The new paint, introduced in ACS Applied Materials & Interfaces on Thursday, can reflect up to 98.1 percent of sunlight and cool surfaces by 4.5 degrees Celsius. This means it could be an effective replacement for air conditioning.
"If you were to use this paint to cover a roof area of about 1,000 square feet, we estimate that you could get a cooling power of 10 kilowatts. That's more powerful than the central air conditioners used by most houses," Ruan said in a University of Purdue press release.
The new paint improves upon a previous paint by the same research team that reflected 95.5 percent of sunlight. Researchers say it is likely the closest counterpart to the blackest black, "Vantablack," which can absorb as much as 99.9 percent of visible light. The new paint is so white for two main reasons: It uses a high concentration of a reflective chemical compound called barium sulfate, and the barium sulfate particles are all different sizes, meaning they scatter different parts of the light spectrum.
White paint is already being used to combat the climate crisis. New York has painted more than 10 million square feet of rooftops white, BBC News reported. Project Drawdown calculated that white or plant-covered roofs could sequester between 0.6 and 1.1 gigatons of carbon between 2020 and 2050. The researchers hope their paint will enhance these efforts.
"We did a very rough calculation," Ruan told BBC News. "And we estimate we would only need to paint one percent of the Earth's surface with this paint — perhaps an area where no people live that is covered in rocks — and that could help fight the climate change trend."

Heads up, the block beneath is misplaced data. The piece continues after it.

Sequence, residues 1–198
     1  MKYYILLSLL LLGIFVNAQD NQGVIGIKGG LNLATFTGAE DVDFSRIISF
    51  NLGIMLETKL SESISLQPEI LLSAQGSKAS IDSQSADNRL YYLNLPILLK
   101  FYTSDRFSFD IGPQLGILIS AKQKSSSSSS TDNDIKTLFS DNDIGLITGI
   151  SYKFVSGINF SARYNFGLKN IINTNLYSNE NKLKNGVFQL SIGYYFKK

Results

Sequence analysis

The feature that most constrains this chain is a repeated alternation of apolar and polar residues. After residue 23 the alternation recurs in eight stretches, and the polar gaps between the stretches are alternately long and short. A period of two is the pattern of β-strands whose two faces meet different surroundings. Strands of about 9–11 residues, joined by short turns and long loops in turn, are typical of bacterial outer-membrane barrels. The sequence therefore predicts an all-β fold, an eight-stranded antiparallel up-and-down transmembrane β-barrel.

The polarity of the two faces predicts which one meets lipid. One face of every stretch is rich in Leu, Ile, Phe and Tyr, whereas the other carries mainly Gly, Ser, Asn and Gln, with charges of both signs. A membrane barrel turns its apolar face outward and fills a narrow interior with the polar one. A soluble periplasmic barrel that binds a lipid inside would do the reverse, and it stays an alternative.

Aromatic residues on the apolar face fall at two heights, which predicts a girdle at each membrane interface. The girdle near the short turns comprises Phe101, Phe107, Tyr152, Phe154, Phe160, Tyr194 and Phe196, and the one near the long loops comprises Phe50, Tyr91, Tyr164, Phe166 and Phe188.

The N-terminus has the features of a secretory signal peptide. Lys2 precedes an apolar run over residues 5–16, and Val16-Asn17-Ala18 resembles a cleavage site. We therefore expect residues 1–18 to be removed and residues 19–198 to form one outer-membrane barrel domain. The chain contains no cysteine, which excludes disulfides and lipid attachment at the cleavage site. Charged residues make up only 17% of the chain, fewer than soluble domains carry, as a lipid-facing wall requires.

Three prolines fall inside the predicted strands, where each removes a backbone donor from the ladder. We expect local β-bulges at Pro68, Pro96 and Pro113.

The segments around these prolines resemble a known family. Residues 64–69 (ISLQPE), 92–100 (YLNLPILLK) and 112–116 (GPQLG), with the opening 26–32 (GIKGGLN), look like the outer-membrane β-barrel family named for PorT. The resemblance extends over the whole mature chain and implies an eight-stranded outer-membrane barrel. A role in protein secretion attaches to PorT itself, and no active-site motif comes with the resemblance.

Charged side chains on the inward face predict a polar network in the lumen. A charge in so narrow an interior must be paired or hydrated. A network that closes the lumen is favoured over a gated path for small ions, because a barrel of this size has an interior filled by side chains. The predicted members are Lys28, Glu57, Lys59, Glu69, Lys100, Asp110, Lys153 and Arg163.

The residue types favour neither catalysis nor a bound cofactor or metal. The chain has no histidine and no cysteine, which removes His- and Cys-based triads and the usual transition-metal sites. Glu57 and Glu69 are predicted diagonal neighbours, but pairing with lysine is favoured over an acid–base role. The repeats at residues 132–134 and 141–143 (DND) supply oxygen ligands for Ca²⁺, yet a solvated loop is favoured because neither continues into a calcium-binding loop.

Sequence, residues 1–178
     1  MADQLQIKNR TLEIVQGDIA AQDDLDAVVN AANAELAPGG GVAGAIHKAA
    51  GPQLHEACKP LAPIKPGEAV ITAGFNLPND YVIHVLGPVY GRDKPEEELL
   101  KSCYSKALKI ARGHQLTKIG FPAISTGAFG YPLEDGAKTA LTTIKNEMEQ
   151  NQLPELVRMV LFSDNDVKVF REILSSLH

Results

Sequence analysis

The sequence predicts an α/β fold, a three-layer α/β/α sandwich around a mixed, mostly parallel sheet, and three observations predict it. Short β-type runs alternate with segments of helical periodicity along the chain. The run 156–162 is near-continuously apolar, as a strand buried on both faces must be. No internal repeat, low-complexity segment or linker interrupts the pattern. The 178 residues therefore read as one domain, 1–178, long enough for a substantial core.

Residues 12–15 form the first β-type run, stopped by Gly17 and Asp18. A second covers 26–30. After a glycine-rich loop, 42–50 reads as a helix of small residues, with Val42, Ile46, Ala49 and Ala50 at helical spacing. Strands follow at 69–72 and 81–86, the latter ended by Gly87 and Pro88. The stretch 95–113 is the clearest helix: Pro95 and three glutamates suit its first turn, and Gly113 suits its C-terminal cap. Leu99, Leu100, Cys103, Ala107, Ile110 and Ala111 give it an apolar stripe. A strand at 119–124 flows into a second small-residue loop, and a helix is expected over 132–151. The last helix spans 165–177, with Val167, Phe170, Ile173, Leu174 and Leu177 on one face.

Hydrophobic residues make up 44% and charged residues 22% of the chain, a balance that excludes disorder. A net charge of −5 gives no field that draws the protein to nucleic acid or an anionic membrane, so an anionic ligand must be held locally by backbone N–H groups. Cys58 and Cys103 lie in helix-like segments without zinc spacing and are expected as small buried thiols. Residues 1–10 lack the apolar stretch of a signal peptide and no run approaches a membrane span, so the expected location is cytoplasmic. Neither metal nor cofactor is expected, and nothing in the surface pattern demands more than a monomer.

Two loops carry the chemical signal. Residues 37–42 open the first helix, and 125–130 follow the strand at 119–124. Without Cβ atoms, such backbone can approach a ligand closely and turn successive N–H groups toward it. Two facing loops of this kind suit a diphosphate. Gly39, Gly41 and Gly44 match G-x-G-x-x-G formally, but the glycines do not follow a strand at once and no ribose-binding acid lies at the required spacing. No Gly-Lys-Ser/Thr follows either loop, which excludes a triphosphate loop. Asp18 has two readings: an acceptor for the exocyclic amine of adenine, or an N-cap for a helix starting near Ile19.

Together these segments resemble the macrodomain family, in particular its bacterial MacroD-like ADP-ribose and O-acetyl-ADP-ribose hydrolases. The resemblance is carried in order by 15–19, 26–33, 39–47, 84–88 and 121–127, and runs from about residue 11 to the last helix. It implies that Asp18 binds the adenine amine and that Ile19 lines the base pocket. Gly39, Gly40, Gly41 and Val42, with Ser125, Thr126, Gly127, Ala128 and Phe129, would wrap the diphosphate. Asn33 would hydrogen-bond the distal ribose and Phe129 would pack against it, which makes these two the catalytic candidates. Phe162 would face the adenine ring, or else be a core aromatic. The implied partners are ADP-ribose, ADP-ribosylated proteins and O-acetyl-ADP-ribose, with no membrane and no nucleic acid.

The research team has filed a patent for the paint and hope it will be on the market within two years, according to The Guardian. However, Andrew Parnell, who develops sustainable coatings at the University of Sheffield, said it would be important to calculate the emissions produced from mining barium sulphate and compare those with the emissions saved from using the paint instead of air conditioning.
"The principle is very exciting and the science [in the new study] is good. But I think there might be logistical problems that are not trivial," Parnell told The Guardian. "How many million tons [of barium sulphate] would you need?"
Parnell thought green roofs, or roofs on which plants grow, might prove to be a more ecologically friendly alternative.
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Less than three years after California governor Jerry Brown said the state would launch "our own damn satellite" to track pollution in the face of the Trump administration's climate denial, California, NASA, and a constellation of private companies, nonprofits, and foundations are teaming up to do just that.
Under the umbrella of the newly-formed group Carbon Mapper, two satellites are on track to launch in 2023. The satellites will target, among other pollution, methane emissions from oil and gas and agriculture operations that account for a disproportionate amount of pollution.
Between 2016 and 2018, using airplane-based instruments, scientists found 600 "super-emitters" (accounting for less than 0.5% of California's infrastructure) were to blame for more than one-third of the state's methane pollution. Now, the satellite-based systems will be able to perform similar monitoring, continuously and globally, and be able to attribute pollution to its source with previously impossible precision.
"These sort of methane emissions are kind of like invisible wildfires across the landscape," Carbon Mapper CEO and University of Arizona research scientist Riley Duren said. "No one can see them or smell them, and yet they're incredibly damaging, not just to the local environment, but more importantly, globally."